Kazakhstan’s Expanding Cross-Border Gas Links








11 January 2007

Erasmus Energy Library




Kazakhstan is gradually becoming one of the pillars of energy security in Asia and Europe, as it plans to produce 3.5 million barrels of oil a day (mbd) and 60-80 billion cubic meters (bcm) of associated gas by 2015, in the words of its President Nursultan Nazarbaev.


Over the past decade, the development of new oil and gas fields in Kazakhstan has also generated an increasing interest in new export routes to Europe and more recently to China, in addition to its historic dependence on Russian pipelines. Kazakhstan views multiple pipelines as key to its efforts to ensure that no regional power can exercise strategic control over its energy routes and its broader economic and political ties to western, Mediterranean, and Asian partners. US, European and Asian energy companies too favour multiple pipelines to ensure reliable market access and predictable commercial regime so as to avoid excessive transit fees set by any one pipeline operator and mitigate geopolitical risks.
Furthermore, since gaining its independence fifteen years ago, Kazakhstan’s importance has considerably increased as a geopolitical power on the former Soviet geography, sandwiched between China and Russia, due to its “multi-vectoral” relations with powerful neighbours, the US, the EU and Japan. It is now recognised as a key power to reckon with in Eurasia. Kazakhstan’s expanding cross-border energy linkages to Russia, China, other Central Asian countries, and possibly westward to Europe via Turkey will likely enhance its independence, economic development/diversification and geopolitical standing.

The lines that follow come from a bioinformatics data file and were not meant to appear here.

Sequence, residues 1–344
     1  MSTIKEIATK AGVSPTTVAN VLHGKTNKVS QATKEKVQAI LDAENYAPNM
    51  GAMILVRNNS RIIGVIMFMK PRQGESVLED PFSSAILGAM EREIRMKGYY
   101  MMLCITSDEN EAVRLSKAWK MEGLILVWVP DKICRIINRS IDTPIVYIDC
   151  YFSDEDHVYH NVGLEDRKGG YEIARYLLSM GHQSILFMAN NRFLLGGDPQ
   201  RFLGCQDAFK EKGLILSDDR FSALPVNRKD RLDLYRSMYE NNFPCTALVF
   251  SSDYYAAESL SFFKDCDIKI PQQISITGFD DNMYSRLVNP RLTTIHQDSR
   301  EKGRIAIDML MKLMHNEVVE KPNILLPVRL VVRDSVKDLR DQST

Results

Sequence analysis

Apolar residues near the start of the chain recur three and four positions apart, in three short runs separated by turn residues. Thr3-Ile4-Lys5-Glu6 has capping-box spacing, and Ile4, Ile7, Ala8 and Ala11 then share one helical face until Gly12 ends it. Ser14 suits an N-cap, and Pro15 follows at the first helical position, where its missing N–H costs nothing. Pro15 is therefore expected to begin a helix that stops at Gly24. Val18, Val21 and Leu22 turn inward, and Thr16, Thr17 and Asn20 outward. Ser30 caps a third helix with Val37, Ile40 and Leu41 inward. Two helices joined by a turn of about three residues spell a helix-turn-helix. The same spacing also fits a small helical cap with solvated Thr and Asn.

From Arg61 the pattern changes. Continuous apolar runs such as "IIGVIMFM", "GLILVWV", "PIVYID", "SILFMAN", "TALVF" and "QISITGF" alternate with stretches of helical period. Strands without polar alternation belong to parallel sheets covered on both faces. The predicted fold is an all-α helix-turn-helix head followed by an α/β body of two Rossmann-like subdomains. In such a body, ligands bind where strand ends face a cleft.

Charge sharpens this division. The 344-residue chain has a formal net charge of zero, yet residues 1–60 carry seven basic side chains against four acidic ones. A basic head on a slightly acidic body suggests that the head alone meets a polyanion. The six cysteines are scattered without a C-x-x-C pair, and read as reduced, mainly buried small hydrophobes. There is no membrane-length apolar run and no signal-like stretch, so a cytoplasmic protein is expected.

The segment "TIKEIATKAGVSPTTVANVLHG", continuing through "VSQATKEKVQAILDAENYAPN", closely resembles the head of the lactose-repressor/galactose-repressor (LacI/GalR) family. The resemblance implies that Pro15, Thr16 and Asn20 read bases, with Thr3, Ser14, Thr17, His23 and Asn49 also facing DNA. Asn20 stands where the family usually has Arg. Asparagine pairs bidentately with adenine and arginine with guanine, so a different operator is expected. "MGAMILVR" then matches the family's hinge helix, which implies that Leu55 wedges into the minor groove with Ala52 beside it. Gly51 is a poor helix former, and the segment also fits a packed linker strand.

This paper begins with an overview of the growing importance of natural gas and supply security concerns before elaborating on high demand regions to which Kazakh gas could possibly be shipped. Then, the focus shifts to Kazakhstan’s gas reserves, current and projected production, as well as on export routes available or under consideration. The paper concludes with a number of signals, positive and negative, for governments, corporations and multinational organizations to watch.